1. Appendices I, II, and III of CITES. (February 5, 2015) Accessed January 2016. http://www.cites.org/eng/app/appendices.php
  2. Kinosternon scorpioides albogulare White-Throated Mud Turtle, Swanka Turtle [Forero-Medina, German. Castaño-Mora, Olga V., et al]. December 31, 2011. Conservation Biology of Freshwater Turtles and Tortoises. Chelonian Research Monographs, no. 5. Accessed February, 2016. http://www.iucn-tftsg.org/wp-content/uploads/file/Accounts/crm_5_064_albogulare_v1_2011.pdf
  3. IUCN Red List of Threatened Species. (2015) Accessed January 2016. http://www.iucnredlist.org/apps/redlist/search

 

Trachemys scripta elegansturtleres port1

Family

  • Emydidae

Lifespan

  • Up to 30 years

Size

  • Male shell length: ~11.5 inches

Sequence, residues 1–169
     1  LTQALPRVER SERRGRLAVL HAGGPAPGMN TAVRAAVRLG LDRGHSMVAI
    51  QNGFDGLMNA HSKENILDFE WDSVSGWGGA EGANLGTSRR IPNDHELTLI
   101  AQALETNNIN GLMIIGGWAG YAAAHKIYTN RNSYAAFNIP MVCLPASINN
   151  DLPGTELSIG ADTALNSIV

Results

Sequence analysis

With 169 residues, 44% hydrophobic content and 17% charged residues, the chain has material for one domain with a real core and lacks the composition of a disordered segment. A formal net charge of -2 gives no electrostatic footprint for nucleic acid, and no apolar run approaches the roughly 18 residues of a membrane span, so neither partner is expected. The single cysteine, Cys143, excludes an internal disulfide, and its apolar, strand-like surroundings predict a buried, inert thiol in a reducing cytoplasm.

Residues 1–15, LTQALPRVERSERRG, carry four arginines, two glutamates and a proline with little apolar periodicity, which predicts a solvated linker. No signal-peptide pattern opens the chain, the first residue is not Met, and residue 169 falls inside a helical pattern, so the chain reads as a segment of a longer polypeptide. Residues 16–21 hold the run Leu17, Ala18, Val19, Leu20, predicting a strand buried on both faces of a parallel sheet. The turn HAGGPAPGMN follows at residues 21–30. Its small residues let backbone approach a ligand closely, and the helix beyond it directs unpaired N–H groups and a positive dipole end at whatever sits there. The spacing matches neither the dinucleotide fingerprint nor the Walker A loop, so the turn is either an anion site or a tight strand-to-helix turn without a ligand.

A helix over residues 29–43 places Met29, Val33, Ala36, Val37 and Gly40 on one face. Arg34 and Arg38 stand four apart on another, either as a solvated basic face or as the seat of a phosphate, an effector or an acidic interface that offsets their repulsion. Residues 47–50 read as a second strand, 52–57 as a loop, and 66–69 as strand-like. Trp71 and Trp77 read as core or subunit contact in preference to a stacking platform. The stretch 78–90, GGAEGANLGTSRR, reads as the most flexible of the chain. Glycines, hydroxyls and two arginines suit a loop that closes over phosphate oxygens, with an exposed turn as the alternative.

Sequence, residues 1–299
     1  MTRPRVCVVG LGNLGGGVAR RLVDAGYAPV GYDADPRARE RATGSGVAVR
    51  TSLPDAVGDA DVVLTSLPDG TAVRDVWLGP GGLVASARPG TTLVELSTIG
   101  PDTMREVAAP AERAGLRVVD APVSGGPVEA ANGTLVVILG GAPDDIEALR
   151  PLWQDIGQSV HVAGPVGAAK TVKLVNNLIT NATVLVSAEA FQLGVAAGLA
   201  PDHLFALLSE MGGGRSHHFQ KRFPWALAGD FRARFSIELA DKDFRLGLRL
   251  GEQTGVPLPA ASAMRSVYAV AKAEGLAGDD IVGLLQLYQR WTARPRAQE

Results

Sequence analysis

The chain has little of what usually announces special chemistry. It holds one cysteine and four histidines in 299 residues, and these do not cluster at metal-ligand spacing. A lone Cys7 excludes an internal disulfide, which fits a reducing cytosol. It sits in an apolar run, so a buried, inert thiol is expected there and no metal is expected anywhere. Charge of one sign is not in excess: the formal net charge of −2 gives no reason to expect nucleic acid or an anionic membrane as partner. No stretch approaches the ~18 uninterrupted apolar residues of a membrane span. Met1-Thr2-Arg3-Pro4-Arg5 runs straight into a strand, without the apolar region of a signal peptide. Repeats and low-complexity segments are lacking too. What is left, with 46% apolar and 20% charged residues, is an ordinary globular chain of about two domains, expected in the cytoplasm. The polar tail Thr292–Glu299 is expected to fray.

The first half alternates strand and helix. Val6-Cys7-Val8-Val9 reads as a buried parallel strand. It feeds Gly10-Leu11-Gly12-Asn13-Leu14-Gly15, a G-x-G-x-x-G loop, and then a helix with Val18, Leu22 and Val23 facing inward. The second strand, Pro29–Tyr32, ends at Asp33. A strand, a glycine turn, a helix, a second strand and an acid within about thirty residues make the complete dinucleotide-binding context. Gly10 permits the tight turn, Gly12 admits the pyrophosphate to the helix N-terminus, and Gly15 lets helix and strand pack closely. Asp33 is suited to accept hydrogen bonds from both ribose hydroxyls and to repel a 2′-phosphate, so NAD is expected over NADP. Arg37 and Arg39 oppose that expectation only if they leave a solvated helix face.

• Female shell length: ~9.5 inches

Range

  • Native to Southeastern United States, but as a result of their popularity in the pet trade, their eventual escape of release from captivity improperly has resulted in this turtle being found on all continents except Antarctica.

Habitat

  • Shallow, slow-moving freshwater with abundant plant life.

Diet

  • Omnivorous. Though young tend to be more carnivorous and adults tend to be more herbivorous.

Reproductionturtleres fb2

  • Oviparous, egg laying.
  • Females dig a jug-shaped nest in damp soil. Traveling over up to half a mile to find a suitable nesting site
  • Females lay 5-20 eggs per clutch
  • Up to three clutches per year
  • Eggs hatch after incubating for 60-91 days

Interesting facts

  • Considered one of the top 100 invasive species of the world

Conservation status

  • CITES –Not Listed
  • IUCN –Least concern

Sources

  1. Appendices I, II, and III of CITES. (February 5, 2015) Accessed January 2016. http://www.cites.org/eng/app/appendices.php